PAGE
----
John, your help was invaluable and hugely appreciated as is your sentiment. However, because I’m concerned about current political manoeuvring, for the record I must draw attention to the fact that for many years myself and other families affected by the failures at FGH did not feel that they had your support. The opposite is the case. Your help (which is hugely appreciated and strong), came only in late 2012 when sadly, the problems at the trust were all too well known. The years following Joshua’s death were lonely, isolated and unsupported and I know this is the experience of other families whose lives have been devastated by these events.

The second issue I wish to draw attention to is this article.

The piece states.

“Mr Woodcock’s call comes after shadow secretary of state for health Andy Burnham said earlier this month that “the exceptional factors” at the trust meant it would be “an early priority to see if we can put it on a sustainable footing”.

This promise was echoed in the commons today by Labour’s shadow health minister Liz Kendall who said that the party recognises the “powerful case for the uniqueness of Morecambe Bay” in regards to funding.”

In the week when John Woodcock also pronounced on Newsnight “…we’re really proud of the changes we [Labour] made to the NHS”, Andy Burnham talking about putting Morecambe Bay on a ‘sustainable footing’ whilst failing to articulate any understanding of the fundamental reasons why Morecambe Bay finds itself in the situation it does, is pretty hard to swallow.

We don’t need to wait for the Kirkup report to have at least a basic understanding of where the problems at Morecambe Bay originate. Significant systemic care quality issues that instead of being identified and dealt with, were left unaddressed by a system that acted in a way that kept the problems hidden. The costs of this have been horrific. First and foremost in human suffering, but the cost to the trust in terms of reputation, additional recruitment, consultancy fees, PR, legal fees, litigation and pay offs to former staff, has been colossal.

Yes, there is a debate to be had about tariff adjustments for trusts like Morecambe Bay – but all the money in the world won’t lead to safe and sustainable healthcare if serious problems are covered up.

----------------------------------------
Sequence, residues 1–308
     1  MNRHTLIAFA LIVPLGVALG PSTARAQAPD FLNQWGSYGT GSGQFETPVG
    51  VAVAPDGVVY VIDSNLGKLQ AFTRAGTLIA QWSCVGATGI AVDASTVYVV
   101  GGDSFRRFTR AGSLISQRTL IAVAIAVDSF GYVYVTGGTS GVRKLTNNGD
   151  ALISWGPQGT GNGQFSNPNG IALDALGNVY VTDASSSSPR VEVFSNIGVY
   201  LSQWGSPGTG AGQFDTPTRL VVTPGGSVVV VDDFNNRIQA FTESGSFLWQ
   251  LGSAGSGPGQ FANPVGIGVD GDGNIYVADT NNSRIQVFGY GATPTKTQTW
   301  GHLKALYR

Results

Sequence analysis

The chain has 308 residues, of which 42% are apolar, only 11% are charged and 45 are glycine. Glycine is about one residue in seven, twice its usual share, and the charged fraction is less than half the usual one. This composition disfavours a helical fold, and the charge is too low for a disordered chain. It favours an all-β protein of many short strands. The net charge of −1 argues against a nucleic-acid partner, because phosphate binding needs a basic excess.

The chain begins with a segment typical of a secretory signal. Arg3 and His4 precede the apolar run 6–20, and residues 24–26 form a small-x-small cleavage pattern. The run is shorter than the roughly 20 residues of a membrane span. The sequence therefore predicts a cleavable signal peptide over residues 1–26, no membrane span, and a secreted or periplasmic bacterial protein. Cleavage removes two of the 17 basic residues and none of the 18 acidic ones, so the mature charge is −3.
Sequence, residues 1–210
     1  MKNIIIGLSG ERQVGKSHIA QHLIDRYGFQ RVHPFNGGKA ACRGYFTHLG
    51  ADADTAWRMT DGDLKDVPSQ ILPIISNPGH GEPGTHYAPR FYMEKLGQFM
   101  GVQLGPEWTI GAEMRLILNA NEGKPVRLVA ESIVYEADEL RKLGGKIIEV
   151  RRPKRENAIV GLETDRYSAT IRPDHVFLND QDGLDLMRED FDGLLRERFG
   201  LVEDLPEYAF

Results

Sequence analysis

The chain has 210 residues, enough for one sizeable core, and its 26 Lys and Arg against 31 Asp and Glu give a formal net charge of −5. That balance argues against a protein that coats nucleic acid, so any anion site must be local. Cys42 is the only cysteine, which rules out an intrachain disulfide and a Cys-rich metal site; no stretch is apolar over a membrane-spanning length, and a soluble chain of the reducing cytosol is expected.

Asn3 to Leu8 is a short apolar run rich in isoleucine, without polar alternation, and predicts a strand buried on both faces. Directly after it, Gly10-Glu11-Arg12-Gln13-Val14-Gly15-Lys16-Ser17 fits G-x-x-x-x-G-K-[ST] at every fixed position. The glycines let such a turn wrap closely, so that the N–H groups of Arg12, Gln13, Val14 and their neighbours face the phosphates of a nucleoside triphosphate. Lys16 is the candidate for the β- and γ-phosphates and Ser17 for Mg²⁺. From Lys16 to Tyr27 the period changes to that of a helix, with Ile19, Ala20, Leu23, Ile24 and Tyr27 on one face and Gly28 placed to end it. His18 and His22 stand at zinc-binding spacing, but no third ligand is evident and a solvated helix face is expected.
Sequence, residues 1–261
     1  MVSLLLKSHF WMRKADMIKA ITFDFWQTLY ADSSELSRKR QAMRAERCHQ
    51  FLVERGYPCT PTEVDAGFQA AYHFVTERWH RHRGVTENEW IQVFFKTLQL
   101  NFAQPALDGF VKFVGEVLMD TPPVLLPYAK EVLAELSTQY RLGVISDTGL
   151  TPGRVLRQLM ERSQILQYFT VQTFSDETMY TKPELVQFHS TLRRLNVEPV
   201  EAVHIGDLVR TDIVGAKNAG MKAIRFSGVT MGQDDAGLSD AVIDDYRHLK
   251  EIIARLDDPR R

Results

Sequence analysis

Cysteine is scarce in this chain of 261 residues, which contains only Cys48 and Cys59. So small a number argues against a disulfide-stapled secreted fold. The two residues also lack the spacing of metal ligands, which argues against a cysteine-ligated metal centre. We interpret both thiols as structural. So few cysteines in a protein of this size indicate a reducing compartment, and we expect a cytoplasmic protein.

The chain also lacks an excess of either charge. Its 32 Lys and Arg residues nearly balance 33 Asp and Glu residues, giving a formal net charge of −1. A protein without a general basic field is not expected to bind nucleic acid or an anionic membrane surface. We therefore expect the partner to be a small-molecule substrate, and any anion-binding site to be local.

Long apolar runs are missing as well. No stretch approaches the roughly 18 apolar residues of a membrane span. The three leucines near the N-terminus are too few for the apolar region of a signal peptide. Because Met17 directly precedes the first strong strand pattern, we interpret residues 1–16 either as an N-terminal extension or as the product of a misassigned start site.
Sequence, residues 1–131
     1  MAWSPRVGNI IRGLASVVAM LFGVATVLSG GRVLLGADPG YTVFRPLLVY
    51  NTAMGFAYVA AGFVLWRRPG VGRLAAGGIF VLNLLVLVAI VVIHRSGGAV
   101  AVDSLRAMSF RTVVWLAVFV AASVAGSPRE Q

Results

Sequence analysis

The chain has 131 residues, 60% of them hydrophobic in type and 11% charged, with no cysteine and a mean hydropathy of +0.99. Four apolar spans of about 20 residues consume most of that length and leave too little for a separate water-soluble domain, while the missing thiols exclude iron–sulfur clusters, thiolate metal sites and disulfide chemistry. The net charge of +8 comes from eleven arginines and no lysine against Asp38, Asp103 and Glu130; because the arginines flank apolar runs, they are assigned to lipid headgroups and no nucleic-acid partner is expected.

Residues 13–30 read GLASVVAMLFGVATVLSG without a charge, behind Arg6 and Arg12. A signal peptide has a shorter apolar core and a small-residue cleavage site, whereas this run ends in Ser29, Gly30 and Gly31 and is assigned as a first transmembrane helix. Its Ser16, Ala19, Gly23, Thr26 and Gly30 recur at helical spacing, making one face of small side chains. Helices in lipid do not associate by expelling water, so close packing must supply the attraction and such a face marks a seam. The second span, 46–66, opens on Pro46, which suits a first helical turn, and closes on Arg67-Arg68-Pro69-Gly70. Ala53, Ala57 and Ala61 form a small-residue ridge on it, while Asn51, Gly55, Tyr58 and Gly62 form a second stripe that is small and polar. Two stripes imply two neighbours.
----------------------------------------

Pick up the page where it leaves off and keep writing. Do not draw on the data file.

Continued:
I can’t tell you what the Kirkup investigation will conclude, but I can tell you what it felt like back in 2008 to try and raise awareness of what had happened and get something done. It felt like the whole system was designed to keep people like me quiet and to keep the problems hidden.

I know that this is what it felt like for Julie Bailey and other bereaved families at Mid Staffs too. Julie Bailey has said

“The whole culture…was to keep problems hidden. That’s why we lost so many lives. Unless we address this culture we’ll just lose more people.”

Sir Brian Jarman has referred to the system at the time as being a ‘denial machine’.

This is what Baroness Young said in her evidence to Mid Staffs.


So, before the Kirkup report is published, this is my plea. The NHS is not a ‘weapon’ to be used for political gain, it’s an institute that most of time, we have right to be very proud of. It is also the case that in the past, too often serious problems have been covered up and not addressed.

Rather than adopting a political strategy of ‘weaponising’ the NHS, a less toxic (and offensive) approach might be to start an honest dialogue that shows understanding about where things went wrong in the past and demonstrates a commitment to ensure the same failures never happen again.

When the Kirkup report is published in the next few weeks, perhaps the very first question some should ask is why it is that we’re only reading the truth about these events now, so long after the serious problems at Morecambe Bay were first happening.

My suspicion is that the answer relates more closely to the comments above from Baroness Young than the issue of tariff adjustments.